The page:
In this use case I am using an external vRO appliance that has been added as a capture and testing endpoint within vRSLCM.

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Every content type has its own folder and common set of unit tests within.  These folders and workflows are deployed automatically to the vRO endpoint when it is added to vRSLCM as a test endpoint.

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A Simple Unit Test

This example unit test is going to be basic but will show how unit tests can be put together.  The unit test will verify the content we are testing exists and then ask vRA to build something using it.  If the request to build something from the content suceeds then the unit test will pass, otherwise the unit test will fail.

Any testing workflows that you place into the common folder of a particular content type will be run for all content of the specified type.  If I create a unit test workflow called ABC and place it into the common folder within “Automation-CompositeBlueprint” then ABC will run for every vRA blueprint we choose to test with vRSLCM.

Here you can see my unit test workflow which performs the follow functions:

  • Adds a vRA test endpoint to the vRO unit test server (so we can do things programmatically against our test vRA endpoint)
  • Find the catalog item that matches the content we are testing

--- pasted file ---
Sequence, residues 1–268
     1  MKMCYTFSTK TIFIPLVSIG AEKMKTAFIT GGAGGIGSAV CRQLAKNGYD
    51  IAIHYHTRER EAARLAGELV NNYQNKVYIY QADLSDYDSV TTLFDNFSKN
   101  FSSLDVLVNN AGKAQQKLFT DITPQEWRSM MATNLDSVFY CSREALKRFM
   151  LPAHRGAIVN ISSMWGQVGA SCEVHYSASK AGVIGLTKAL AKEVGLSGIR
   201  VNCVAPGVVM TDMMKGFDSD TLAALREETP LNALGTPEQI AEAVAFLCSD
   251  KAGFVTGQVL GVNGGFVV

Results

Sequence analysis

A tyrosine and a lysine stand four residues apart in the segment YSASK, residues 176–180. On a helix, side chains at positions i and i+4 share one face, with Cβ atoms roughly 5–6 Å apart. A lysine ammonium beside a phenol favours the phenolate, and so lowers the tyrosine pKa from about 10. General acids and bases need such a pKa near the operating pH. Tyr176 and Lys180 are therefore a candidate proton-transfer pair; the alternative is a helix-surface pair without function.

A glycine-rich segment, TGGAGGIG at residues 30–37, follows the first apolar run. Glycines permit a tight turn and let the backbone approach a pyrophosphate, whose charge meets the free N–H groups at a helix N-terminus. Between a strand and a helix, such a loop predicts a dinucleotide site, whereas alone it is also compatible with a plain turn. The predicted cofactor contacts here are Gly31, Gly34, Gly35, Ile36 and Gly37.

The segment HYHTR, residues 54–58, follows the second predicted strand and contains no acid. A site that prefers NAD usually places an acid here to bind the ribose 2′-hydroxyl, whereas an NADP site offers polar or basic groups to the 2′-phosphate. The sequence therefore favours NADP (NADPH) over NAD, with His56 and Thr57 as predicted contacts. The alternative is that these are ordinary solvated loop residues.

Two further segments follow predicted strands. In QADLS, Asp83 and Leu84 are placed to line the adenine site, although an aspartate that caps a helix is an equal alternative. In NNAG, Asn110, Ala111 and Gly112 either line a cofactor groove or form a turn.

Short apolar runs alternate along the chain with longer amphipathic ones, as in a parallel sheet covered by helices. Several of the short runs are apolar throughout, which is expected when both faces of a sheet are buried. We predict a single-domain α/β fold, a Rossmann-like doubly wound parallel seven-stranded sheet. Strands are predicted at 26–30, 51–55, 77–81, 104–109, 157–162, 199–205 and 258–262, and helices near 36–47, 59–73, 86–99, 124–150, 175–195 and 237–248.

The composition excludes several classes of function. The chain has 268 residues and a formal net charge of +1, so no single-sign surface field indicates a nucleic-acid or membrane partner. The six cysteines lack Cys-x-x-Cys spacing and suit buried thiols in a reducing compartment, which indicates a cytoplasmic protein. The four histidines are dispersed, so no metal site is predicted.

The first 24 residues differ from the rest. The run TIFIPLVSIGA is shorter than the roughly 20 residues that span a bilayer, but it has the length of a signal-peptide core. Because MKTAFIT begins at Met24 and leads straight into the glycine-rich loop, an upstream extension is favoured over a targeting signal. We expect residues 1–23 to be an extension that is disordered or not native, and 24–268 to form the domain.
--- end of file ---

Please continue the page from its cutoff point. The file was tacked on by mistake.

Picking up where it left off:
• Assign the catalog item to a service (to make it visible to a user and requestable)
  • Request the catalog item (providing any specific input if required)
  • Wait for the request to either succeed, fail or timeout
  • Clear up the vRO configuration

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The workflow uses the same inputs as the out of the box unit test workflows and is placed into the common folder for the composite blueprint type so it will run for every testing request that leverages this unit test vRO instance.

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That’s It Right?

Well unfortunately not.  If you leave everything alone for 30 minutes then you should be good to go however if you don’t and try to initiate a test of some captured composite blueprint content then you will likely encounter a unit test failure.  This is because vRSLCM only checks the unit test workflows it needs to run every 30 minutes.

To ensure you don’t hit an issue it is best if you force vRSLCM to look for workflows on the vRO unit test server.  The only way (excluding API) to do this is to go through the steps of capturing workflow content from the vRO unit test endpoint.  You don’t actually have to capture the content, just ask vRSLCM to refresh its inventory of workflows.